Through the Valley

Whenever I have ever heard about anyone in my life talking about getting fired from a job, my only internal response was ‘oh my gosh, I hope I NEVER get fired!’ Even though whoever is speaking about getting fired previously in their life is usually speaking from a new perch, and 99% of the time thankful for the firing, because it led them to their new and better life position, I didn’t want to ever experience getting fired. My thoughts about their new-found success were completely overshadowed by their having to experience getting fired. I thought, ‘that sounds fine and good, but I choose to learn the lessons without having to get fired, thank you very much.’ Getting fired seems synonymous with failure. And yet, on December 26, 2010, we were fired. I say ‘we’ were fired, because even though technically Mike was the only one officially employed by the San Francisco 49ers, he and I both poured our heart and soul into the organization and into every person we came in contact with. So I say without an ounce of co-dependency, WE were fired.

So what does one do when one is met with unemployment in the NFL? Random comments are thrown around, such as ‘stay in this business long enough, and you’ll get fired’; or ‘that’s just the tough side of this business’, and the like. Yet, we take no comfort in the fact that firing coaches is so commonplace that the term ‘coaching carousel’ has been coined by the media for period between the end of the college football season until the Super Bowl. My comfort comes from knowing that there’s a greater purpose for every single experience we go through here on earth. I would, however, be lying if I said it doesn’t hurt, or if I simply recited the “God works all things together for good” (which He absolutely does), or “Greater things are in store for you” (which they absolutely are), without fessing up to the real sadness and grief that accompanies the circumstances.

I allowed myself exactly one day to wallow in my thoughts and feelings. One day. And it was a pretty miserable day. If left untreated, I’d be a real mess ~ full of bitterness, anger, resentment and paranoia. My overwhelming urge to call ESPN and give insight to the REAL Mike Singletary and what REALLY went on would only make me look like a stark, raving lunatic. So I know better than to go for more than a day before I get on my knees and I thank God for the incredible opportunity He gave us, for the beautiful time in California, for the young players and their wives whose lives we were allowed to touch, for the coaches and wives that stood beside us in battle, and I remind myself that God has not left the throne. He’s still in charge. He’ll have the final say over our life and our reputation. And I’ll pick myself up and I’ll trust God. My good friend Kathy, who has been in this position before, said something I’ll respect forever. She lined her kids up and said, ‘we came into this organization with class, and that’s how we’re going to leave.’ And they did. And so will the Singletarys.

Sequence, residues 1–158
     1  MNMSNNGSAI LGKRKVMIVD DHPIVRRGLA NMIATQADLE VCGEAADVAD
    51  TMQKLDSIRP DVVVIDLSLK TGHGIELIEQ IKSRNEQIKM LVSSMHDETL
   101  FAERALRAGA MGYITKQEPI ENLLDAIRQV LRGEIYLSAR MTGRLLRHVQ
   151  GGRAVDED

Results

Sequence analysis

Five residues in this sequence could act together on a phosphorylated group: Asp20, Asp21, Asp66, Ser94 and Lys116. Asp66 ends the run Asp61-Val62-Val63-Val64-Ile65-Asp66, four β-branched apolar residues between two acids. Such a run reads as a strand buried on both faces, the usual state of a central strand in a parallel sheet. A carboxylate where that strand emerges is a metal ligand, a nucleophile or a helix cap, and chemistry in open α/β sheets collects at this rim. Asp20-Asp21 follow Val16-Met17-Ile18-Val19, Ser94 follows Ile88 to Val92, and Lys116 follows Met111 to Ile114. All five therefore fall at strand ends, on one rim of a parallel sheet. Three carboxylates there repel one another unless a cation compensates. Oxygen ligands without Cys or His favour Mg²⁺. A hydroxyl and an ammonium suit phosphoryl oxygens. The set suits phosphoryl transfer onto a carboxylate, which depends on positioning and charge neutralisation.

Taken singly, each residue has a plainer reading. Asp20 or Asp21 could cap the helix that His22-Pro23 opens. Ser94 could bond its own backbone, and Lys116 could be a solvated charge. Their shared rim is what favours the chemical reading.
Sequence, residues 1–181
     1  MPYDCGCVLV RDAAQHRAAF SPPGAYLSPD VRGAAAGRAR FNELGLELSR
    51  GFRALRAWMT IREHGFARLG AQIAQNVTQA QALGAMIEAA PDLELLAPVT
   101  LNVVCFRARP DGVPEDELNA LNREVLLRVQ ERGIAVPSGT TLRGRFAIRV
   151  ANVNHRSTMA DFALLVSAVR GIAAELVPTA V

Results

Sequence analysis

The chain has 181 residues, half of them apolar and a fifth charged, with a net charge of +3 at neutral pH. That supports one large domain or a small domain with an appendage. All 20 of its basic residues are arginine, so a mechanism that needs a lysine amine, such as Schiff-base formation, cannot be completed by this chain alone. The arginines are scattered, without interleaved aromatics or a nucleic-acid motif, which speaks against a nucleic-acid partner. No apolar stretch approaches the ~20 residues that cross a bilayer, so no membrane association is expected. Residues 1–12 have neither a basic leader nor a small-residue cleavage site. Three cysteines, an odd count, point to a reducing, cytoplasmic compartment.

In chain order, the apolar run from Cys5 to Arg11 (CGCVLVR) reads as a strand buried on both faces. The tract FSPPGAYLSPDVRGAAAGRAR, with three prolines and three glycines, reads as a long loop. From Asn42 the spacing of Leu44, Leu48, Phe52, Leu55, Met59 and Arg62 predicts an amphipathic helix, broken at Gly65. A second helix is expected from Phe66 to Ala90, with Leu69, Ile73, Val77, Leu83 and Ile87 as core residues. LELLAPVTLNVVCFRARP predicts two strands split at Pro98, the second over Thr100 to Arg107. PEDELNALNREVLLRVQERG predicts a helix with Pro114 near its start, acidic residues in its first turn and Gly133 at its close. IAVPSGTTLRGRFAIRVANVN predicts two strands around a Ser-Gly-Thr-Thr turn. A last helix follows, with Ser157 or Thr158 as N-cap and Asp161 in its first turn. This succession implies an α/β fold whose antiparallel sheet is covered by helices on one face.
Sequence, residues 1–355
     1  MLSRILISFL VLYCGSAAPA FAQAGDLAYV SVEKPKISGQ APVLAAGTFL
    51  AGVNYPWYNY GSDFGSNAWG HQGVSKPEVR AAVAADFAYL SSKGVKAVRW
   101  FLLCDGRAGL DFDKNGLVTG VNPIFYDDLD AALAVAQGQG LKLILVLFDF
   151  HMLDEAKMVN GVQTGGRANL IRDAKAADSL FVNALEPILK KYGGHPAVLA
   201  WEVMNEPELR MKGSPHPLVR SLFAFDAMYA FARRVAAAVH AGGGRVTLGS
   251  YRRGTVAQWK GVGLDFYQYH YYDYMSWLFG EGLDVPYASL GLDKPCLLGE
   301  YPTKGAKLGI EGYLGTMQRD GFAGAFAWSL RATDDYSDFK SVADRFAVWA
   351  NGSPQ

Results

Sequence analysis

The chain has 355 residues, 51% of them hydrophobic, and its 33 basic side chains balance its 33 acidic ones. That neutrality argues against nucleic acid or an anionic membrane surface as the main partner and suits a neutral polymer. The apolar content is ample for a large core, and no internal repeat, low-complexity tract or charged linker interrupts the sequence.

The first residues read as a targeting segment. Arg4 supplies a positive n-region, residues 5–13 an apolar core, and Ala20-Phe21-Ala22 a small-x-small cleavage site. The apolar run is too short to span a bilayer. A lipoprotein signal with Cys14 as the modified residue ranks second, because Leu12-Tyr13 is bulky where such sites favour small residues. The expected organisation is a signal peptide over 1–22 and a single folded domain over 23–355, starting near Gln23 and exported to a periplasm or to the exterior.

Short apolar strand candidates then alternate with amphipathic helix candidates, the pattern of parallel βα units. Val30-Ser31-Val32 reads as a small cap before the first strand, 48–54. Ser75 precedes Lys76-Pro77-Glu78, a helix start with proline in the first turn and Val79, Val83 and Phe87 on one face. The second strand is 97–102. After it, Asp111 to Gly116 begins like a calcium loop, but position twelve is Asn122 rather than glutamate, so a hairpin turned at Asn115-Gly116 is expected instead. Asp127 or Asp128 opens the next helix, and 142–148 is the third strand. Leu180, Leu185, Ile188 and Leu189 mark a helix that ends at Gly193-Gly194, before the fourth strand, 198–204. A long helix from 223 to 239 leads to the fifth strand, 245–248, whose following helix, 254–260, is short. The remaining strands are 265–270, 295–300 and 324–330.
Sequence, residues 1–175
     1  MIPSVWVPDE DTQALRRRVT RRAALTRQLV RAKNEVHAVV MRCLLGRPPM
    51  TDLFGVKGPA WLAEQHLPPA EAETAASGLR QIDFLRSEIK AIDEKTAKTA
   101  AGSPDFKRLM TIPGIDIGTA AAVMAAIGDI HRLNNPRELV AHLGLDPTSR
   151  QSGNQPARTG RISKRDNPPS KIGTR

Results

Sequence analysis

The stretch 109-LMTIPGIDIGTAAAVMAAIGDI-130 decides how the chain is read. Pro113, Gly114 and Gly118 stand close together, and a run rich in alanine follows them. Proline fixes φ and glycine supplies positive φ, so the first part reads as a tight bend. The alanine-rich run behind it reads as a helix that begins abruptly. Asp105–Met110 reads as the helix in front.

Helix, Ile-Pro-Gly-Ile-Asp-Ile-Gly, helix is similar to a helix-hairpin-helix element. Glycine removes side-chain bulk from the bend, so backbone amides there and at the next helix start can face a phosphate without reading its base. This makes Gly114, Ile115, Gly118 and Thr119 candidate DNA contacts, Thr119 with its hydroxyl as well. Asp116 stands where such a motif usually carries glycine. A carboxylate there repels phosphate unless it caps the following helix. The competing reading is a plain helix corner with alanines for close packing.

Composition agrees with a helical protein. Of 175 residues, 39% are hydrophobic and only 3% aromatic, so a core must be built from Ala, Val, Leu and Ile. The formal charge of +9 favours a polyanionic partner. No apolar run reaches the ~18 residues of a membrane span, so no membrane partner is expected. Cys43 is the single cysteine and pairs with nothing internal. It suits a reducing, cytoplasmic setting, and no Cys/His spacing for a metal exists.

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Comments

  1. Barb Snyder says:

    Dear Mike and Kim,
    I so understand the statement, “we got fired”. this happened to us too, after Chuck had served his major client for more than 20 years and served them “out of their minds”. So I understand. I also understand loss and I’ve wanted your e-mail address for so long. I asked Bobbe Evans for it just as all her addresses were lost. I’ve had your last year’s card sitting by my computer all year and now this year’s card. I was thrilled to see you had a web address as I’ve wanted to write and tell you about Chuck….and now to tell you that ever since Mike became the 49er’s coach I have not ceased praying for you. I even have rooted for the 49er’s against the Seahawks. Go figure? I was sad to hear about Mike being let go. What a man of character and it just jumped out of the television at all of us. Mike, you are greatly admired.
    Since last February 2010 my sweetheart has been in full time care. In November 2005 he had knee surgery and has not been the same since. He has had multiple strokes and has lost his memory and lives only in the moment. He does not remember anything in the past…PAO…our speaking together…teaching the team studies together…nothing. BUT, he does remember faces…he remembers me and the family and those he has loved. He is the most Godly man I’ve ever known, and continues that even in this part of his life. Kindness…teasing…laughing…social graces…His love for the Lord…all shine through. So in this new season of our lives, God has given us each a new ministry. The residents he lives with stop and touch him and say to me, “He’s a great man.” As he walks by others, he touches them and reaches down and kisses the top of their heads.. I see I’m running out of room so if you would, please e-mail me at the address above. I so look forward to hearing from you. Also, I remember when Jim Zorn was cut from the team, he was quoted in the paper as saying, “Because He lives, I can face tomorrow.” I know that’s how you feel too. This is a hard time, but you, as Chuck did and is now living, as you say, are doing it with class. Loving you, Barb

  2. Virginia Smolich (Mary Gibson's Mom) says:

    Mike has been always close to my heart ever since I met him at your home when you had a party that your aunt presented decorations many years ago. You and he were so gracious.
    I just feel that something really wonderful is coming his way now.
    I hope it will be something that will give all of us a chance to see him more. He truly is an inspiration to everyone.